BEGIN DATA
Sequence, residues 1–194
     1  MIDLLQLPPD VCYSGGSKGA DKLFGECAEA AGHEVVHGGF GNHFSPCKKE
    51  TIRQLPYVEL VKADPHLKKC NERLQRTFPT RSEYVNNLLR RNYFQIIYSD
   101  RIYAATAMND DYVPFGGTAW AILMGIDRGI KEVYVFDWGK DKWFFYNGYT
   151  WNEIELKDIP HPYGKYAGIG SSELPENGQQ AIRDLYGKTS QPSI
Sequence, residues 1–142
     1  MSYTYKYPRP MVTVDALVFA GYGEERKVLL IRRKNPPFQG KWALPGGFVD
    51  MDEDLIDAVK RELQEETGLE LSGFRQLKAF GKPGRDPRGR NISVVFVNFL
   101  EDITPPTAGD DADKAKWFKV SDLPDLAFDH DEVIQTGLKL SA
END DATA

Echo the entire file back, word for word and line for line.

Sequence, residues 1–194
     1  MIDLLQLPPD VCYSGGSKGA DKLFGECAEA AGHEVVHGGF GNHFSPCKKE
    51  TIRQLPYVEL VKADPHLKKC NERLQRTFPT RSEYVNNLLR RNYFQIIYSD
   101  RIYAATAMND DYVPFGGTAW AILMGIDRGI KEVYVFDWGK DKWFFYNGYT
   151  WNEIELKDIP HPYGKYAGIG SSELPENGQQ AIRDLYGKTS QPSI
Sequence, residues 1–142
     1  MSYTYKYPRP MVTVDALVFA GYGEERKVLL IRRKNPPFQG KWALPGGFVD
    51  MDEDLIDAVK RELQEETGLE LSGFRQLKAF GKPGRDPRGR NISVVFVNFL
   101  EDITPPTAGD DADKAKWFKV SDLPDLAFDH DEVIQTGLKL SA